Plan S and the Future of Publishing

February 13, 2019 Andrew Tein

Last week, Wiley posted an official response to the proposed implementation of Plan S, the multi-funder effort to ensure immediate open access to scientific publications from 2020 onwards. The group of funders (known as cOAlition S) issued a call for feedback in November 2018, which was a great opportunity for reflection here at Wiley and continued dialogue as a global community.

Here at Wiley we’re incredibly proud to help our customers succeed – to empower researchers to communicate the amazing work they do every day, to enable our society partners to continue publishing powerful journals, and to promote the dissemination of knowledge as widely as possible. We recognize that the research landscape is quickly evolving, and we’re fully supportive of the growing movement to make research more open. Arguably, we are in a time where the need to collaborate is stronger than ever. We want to keep this conversation going across our community because at the end of the day, we share the same belief that research drives growth and human advancement.

We know that as a scholarly publisher we have an essential part to play in supporting open research. Open access is an essential feature of our approach now and moving forward – over 90% of our journals provide an open access publishing option, whether that be through our 100+ fully open access titles, or our 1400+ hybrid journals. Many of the manuscripts we accept are also freely available under green open access policies.

We work closely together with our 800+ publishing partners and the thousands of inspirational researchers who publish their work with us. It’s only with their input, along with that of other stakeholders such as libraries, funders and universities, that we can innovate and move forward in this challenging research landscape, meeting their needs and ensuring that research is more open.

Earlier this year, we announced our exciting new agreement with Projekt DEAL that will enable authors at more than 700 German academic institutions to publish open access articles in our journals. We believe this kind of transformative agreement represents a vital opportunity and pathway to meet the ever-changing needs of our customers. The communities we serve are diverse and have their own interests and needs. A one-size fits all approach just isn’t sustainable, which is why, in our feedback on Plan S, we emphasize our commitment to maximizing choice for authors, and the importance of tailoring our services to the specific requirements of the institutions and funders who seek a transition to open access via transformative deals.  Academic freedom is of the utmost importance.  We are working towards breaking down barriers and do not want to build new ones as we advance an open research future.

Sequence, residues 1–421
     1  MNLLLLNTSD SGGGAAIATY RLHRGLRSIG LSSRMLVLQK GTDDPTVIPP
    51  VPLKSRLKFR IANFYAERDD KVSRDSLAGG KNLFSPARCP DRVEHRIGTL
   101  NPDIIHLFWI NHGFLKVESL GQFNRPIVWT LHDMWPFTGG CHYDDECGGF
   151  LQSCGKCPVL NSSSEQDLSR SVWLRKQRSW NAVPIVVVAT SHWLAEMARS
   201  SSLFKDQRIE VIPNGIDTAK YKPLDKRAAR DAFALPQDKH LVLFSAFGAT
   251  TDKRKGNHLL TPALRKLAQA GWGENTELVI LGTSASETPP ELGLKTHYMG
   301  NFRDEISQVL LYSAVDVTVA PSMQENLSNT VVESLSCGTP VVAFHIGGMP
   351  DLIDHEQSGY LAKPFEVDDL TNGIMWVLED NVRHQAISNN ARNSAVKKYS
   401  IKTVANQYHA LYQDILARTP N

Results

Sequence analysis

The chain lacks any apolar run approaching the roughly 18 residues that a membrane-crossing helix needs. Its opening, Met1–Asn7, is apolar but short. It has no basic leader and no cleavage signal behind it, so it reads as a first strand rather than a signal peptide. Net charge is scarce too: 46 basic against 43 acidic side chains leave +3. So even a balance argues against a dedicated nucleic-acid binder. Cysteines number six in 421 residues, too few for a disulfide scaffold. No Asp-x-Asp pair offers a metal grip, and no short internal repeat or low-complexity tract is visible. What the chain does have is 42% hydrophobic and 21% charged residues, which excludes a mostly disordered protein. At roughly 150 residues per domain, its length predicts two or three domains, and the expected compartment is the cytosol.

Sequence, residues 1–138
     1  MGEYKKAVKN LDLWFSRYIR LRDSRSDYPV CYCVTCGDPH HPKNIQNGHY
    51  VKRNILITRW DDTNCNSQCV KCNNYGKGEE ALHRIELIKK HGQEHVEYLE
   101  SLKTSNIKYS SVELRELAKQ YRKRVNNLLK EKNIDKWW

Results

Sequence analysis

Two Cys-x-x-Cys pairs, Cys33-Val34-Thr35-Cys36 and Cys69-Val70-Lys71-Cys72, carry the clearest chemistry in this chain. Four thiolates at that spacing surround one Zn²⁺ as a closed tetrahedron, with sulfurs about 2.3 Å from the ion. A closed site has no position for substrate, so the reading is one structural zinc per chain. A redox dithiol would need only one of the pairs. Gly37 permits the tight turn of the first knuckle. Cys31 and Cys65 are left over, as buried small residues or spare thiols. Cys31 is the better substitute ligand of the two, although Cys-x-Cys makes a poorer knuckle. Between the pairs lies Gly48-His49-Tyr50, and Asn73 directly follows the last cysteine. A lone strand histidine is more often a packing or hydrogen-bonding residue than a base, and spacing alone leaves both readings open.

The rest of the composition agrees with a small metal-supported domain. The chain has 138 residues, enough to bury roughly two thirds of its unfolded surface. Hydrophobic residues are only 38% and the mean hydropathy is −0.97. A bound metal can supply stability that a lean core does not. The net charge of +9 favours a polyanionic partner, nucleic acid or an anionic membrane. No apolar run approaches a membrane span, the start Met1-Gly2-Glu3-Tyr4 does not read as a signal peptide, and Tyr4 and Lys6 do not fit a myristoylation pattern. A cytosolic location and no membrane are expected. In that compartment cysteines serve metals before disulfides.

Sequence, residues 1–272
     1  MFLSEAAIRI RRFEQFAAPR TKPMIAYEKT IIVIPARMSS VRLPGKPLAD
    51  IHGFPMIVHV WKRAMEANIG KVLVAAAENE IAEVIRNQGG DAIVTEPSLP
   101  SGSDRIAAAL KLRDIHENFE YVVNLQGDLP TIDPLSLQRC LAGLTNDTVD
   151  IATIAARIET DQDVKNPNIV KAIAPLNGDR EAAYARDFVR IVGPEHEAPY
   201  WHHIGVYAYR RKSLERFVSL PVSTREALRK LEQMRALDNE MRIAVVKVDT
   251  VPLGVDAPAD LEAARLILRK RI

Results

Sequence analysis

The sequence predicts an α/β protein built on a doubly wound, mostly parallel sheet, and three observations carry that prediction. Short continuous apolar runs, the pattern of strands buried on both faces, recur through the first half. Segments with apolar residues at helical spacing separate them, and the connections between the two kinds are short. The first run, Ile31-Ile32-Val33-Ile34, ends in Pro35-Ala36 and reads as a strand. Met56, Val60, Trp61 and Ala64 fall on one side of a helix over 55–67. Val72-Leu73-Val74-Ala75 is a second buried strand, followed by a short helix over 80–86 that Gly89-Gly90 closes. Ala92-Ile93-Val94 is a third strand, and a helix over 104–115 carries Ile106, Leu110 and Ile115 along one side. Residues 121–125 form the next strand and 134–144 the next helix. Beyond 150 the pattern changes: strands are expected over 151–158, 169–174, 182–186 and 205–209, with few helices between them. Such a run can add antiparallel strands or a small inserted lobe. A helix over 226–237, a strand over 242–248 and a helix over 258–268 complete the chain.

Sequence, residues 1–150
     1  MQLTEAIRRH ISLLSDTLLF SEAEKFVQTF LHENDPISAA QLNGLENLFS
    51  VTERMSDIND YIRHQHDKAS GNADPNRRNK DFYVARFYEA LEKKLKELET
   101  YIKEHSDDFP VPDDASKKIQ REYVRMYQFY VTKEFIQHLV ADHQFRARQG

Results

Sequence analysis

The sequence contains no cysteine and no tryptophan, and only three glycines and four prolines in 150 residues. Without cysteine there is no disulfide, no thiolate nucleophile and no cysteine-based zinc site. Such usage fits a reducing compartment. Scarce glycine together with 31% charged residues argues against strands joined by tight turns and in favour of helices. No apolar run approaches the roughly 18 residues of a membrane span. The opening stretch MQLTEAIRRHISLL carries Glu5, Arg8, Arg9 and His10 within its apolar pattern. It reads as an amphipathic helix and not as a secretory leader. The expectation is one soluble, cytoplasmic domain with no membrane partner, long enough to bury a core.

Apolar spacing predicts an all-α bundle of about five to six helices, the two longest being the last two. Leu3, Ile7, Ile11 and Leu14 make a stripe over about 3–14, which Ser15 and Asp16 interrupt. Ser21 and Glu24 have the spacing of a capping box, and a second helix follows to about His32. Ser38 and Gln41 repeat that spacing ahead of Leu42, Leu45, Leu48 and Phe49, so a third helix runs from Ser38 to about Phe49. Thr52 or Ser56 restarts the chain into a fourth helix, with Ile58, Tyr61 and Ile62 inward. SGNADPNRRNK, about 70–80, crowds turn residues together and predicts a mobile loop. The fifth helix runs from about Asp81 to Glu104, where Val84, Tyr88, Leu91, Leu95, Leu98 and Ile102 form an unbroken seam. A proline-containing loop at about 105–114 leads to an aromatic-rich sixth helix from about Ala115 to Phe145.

We’re pleased that Plan S has heightened interest in scholarly publishing, and we appreciate the opportunity provided by cOAlition S to provide feedback on its initial ideas. We will continue to support and work closely with researchers, funders, institutions, and other stakeholders to ensure a sustainable way forward in the transition towards a more open and fair research landscape.

You can read Wiley’s full feedback statement on the implementation of Plan S here.

Do you have any questions or comments relating to Wiley’s feedback on Plan S? Leave your feedback in the comments section below.

About the Author

Andrew Tein

VP Government Affairs, Wiley // Andrew received his B.S. in Economics and Diplomacy from Georgetown University and MBA from the Hong Kong University of Science and Technology. He also serves on the Board of Directors for CHOR Inc., a not-for-profit public-private partnership to increase public access to peer-reviewed publications that report on federally funded research.

More Content by Andrew Tein
Previous Article
Integrity: An Essential Area for Better Peer Review
Integrity: An Essential Area for Better Peer Review

What does better peer review look like? We begin by considering the whole peer review publishing process, n...

Next Article
Early Career Librarian Series: Adults Need STEM, Too
Early Career Librarian Series: Adults Need STEM, Too

By now, you’ve probably heard enough about the STEM movement to quickly recite that it stands for “Science,...